Eliud Kipchoge Wins 2022 Tokyo Marathon in 2:02:40 to Move One Step Closer to World Marathon Majors Sweep
March 6, 2022
New race. Same result.
After collecting major marathon wins in Chicago (once), London (4 times), Berlin (3 times), and the Olympics (twice) over the past decade, Eliud Kipchoge lined up for his first Tokyo Marathon on Sunday morning (Saturday night US) and did what he always does: conduct an absolute masterclass in marathon running. On a good but slightly windy day for racing (sunny, 47 degrees Fahrenheit, 7 mph winds at start but DarkSky listed 13 mph winds with gusts up to 20mph with 30 minutes left), Kipchoge ran 2:02:40, the fourth-fastest marathon in history, after dropping fellow Kenyan Amos Kipruto, the 2019 World Championship bronze medalist, shortly after 36 kilometers.
Kipchoge has now won 14 marathons overall, including nine World Marathon Major events and two Olympic marathons. With wins in Tokyo, London, Berlin, and Chicago, he joins Wilson Kipsang as the only men to have won four different WMM events since the series began in 2006. Only Boston and New York remain for Kipchoge to complete an unprecedented sweep.
Kipruto finished second in 2:03:13 (moving into a tie for 9th on the all-time list), with Ethiopia’s Tamirat Tola third in 2:04:14 and Japanese record holder Kengo Suzuki 4th in 2:05:28. Those times would have been even faster had the lead pack not made a wrong turn shortly after the 10k mark, costing them roughly 10 seconds (a couple of the lead vehicles appeared to make a wrong turn, with the athletes following right when they should have turned left). Suzuki was not in the lead pack at the time so his time was unaffected.
Thanks to the good conditions and a downhill first 5k, the race began quickly with five men hitting halfway in 61:03 behind a trio of pacemakers. But as Kipchoge plowed on, his perfect form betraying no hint of fatigue, the rest of the pack began to fall off one-by-one, with a 14:25 split from 25k to 30k (which they passed in 1:26:51, or 2:02:09 pace) whittling the field to just Kipchoge and Kipruto.
The two Kenyans would run side-by-side for a few miles, Kipruto helped by the fact that their 5k split from 30k to 35k (14:39) was their slowest of the race. But as soon as Kipchoge upped the pace a hair at 36k, Kipruto would not respond, and Kipchoge would run unchallenged over the final five kilometers, romping to yet another major marathon victory.
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Quick take: This is getting ridiculous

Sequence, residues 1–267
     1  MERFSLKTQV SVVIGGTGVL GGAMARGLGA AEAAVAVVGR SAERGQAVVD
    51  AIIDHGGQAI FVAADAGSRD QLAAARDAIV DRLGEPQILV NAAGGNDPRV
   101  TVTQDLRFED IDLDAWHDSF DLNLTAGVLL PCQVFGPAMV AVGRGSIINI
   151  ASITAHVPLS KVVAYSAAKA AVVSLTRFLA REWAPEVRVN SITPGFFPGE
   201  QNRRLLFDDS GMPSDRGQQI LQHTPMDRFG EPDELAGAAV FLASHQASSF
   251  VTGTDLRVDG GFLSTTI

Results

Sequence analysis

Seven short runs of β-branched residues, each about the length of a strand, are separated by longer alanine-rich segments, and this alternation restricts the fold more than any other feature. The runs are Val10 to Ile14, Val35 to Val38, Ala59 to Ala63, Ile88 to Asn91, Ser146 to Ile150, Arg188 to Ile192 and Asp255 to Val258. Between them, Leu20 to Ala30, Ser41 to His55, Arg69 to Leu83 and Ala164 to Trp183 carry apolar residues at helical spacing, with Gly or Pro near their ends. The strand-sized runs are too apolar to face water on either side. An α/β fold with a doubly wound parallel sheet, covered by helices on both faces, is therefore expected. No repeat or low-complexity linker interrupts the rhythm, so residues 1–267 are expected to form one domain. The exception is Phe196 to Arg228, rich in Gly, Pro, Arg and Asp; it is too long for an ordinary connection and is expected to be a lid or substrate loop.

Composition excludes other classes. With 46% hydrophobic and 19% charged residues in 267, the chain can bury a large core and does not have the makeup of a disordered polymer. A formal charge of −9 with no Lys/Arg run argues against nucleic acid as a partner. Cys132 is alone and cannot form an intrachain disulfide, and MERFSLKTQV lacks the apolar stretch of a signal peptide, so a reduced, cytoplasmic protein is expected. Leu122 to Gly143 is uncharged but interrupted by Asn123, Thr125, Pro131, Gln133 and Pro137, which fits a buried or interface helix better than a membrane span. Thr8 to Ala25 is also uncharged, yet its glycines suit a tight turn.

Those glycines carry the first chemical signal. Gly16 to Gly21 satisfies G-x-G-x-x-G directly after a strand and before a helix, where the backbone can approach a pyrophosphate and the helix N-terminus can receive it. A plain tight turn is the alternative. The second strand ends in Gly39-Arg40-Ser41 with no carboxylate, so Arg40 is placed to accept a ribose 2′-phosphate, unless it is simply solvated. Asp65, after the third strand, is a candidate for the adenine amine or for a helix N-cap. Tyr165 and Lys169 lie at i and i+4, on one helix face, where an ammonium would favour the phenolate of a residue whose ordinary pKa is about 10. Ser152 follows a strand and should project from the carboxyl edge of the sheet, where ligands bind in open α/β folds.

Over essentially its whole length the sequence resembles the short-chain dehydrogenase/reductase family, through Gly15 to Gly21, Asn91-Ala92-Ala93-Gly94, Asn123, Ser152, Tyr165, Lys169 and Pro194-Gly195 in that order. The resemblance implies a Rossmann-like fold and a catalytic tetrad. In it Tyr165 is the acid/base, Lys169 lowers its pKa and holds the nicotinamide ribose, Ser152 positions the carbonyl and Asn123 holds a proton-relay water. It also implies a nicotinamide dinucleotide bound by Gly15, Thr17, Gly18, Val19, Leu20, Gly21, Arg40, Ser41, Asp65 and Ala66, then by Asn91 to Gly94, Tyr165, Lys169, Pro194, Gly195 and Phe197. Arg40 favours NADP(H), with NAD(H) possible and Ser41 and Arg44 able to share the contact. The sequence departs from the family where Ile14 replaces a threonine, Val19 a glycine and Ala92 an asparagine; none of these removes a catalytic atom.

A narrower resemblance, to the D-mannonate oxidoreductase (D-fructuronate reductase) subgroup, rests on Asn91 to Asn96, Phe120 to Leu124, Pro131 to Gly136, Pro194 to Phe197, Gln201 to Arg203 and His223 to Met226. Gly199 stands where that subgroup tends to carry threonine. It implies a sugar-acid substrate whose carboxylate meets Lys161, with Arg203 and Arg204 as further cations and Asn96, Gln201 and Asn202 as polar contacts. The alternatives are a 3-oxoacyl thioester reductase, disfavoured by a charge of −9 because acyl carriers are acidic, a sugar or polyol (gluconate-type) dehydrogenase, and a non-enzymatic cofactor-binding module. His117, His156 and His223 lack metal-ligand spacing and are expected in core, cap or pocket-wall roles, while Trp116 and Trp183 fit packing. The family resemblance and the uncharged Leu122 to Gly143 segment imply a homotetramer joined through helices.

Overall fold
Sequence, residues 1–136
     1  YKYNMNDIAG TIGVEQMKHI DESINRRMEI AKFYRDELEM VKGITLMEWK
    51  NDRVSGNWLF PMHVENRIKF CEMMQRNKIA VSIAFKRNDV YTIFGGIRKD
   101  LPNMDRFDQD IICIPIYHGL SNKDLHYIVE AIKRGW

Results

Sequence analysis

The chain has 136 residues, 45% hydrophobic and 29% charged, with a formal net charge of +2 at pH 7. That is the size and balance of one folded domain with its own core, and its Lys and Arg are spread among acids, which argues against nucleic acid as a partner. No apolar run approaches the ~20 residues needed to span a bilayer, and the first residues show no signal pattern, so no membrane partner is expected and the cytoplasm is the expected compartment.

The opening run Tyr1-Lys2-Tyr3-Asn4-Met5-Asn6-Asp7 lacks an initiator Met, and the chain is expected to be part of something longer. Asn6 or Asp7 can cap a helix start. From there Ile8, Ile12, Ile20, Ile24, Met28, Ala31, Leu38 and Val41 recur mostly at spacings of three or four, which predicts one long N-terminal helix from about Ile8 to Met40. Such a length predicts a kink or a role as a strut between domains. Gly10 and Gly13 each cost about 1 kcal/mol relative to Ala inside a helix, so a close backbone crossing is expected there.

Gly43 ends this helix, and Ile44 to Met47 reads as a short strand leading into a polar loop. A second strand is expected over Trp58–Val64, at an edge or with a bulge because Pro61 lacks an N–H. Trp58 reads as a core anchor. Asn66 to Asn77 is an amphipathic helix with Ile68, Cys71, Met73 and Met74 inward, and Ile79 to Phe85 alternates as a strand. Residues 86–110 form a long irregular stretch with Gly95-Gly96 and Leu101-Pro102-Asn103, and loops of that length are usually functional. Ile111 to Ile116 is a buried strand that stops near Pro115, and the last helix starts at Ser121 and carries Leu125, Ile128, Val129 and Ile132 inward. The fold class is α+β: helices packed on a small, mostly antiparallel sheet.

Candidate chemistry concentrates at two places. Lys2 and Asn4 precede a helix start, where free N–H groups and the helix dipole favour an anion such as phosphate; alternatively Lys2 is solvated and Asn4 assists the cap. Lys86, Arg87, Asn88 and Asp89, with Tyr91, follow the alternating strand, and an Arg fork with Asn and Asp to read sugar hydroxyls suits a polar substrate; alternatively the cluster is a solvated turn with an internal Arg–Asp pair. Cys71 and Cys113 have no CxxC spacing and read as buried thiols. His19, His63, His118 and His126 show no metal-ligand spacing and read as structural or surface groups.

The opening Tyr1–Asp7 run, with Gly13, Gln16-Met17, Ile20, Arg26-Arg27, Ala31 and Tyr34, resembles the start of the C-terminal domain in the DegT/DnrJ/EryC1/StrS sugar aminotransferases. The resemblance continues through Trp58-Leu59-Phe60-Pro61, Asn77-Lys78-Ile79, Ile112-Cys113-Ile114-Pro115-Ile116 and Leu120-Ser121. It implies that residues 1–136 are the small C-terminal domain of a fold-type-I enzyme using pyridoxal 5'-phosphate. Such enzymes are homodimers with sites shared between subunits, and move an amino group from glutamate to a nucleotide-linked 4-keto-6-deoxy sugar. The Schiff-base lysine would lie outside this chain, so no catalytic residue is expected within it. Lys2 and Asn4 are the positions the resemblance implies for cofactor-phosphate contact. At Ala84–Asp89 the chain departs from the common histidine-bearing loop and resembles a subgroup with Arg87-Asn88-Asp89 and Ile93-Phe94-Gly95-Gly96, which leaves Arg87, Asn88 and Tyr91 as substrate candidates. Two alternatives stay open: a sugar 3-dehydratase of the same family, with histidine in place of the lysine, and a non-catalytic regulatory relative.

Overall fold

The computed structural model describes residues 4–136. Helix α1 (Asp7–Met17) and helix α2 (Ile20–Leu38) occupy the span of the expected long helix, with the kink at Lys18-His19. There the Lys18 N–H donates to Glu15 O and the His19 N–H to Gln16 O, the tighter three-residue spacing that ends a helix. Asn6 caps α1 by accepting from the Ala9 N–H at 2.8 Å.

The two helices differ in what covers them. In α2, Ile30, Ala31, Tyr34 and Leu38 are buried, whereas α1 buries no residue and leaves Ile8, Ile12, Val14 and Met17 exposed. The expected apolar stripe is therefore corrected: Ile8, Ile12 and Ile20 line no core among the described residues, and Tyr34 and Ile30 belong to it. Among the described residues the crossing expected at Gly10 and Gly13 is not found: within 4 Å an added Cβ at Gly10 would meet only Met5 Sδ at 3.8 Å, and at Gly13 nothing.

Considering he’s won 14 of the 16 official marathons he’s started in his life (and run 2:00:25 and 1:59:40 in his two other exhibitions) and we crowned him the greatest marathon of all-time in 2016, maybe we shouldn’t be amazed by Eliud Kipchoge, but we are. Each time he races, there is a little bit of doubt in our minds, “surely he can’t make it look so easy again.” But he does.
His running style is a thing of beauty, and he doesn’t appear to have aged at all since he started winning majors eight years ago.
Kipchoge’s longevity is simply incredible. He won his first major in 2014, when Geoffrey Mutai, Dennis Kimetto, and Wilson Kipsang were the best marathoners in the world. Those guys are long gone from the marathon, yet Kipchoge is now into his third Olympic cycle of dominance and still running 2:02. It’s anyone’s guess as to when his reign over the marathon will end.
Quick take: On to New York and Boston
The only thing left for Eliud Kipchoge to do in the marathon is to complete the World Marathon Major sweep.* Kipchoge has never won a hilly marathon, mainly we imagine because he’s never raced one. Hopefully, the running world gets to see him in New York this fall and Boston next spring.
*Actually we take that back. Winning all six majors (plus the Olympics) isn’t the only thing he could do. He might as well do it with style points and hold the course record at all six (plus the Olympics). He’s currently the course record holder in Berlin, London and Tokyo. However, despite having won the Olympics twice and Chicago once, he’s not the Chicago course record holder or Olympic record holder. Dennis Kimetto ran 2:03:45 in Chicago in 2013 in the pre-super shoe era, while Sammy Wanjiru ran an Olympic record of 2:06:32 in Beijing in 2008 in a race that redefined what people thought was possible in the marathon. Wanjiru’s race was so inspirational it motivated LetsRun coaching guru John Kellogg to write his only race recap in the 20+ years of LRC: 2008 Olympic Men’s Marathon Recap: Outrageous Pace Pays Off; Wanjiru Hammers to Kenya’s First Marathon Gold
One other thing Kipchoge hasn’t done is win the World Championship marathon. With the Worlds in Eugene this year – the birthplace of Kipchoge’s sponsor Nike – we wouldn’t be shocked if he tried to win Worlds in 2022 and then went for the Boston/NYC double in 2023.
Quick Take: 27 guys broke 2:10 in Tokyo today, with 20 of them from Japan
If that number shocks you, it shouldn’t. The last time the race was held, 28 guys broke 2:10, including 21 from Japan.
Talk about the race on our world-famous messageboard.
- Tokyo Marathon is this Saturday at 7:10 pm ET – Official Discussion Thread
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- 20 Japanese men just broke 2:10 at the 2022 Tokyo Marathon
For complete coverage, including the women’s recap go to our 2022 Tokyo Marathon event page.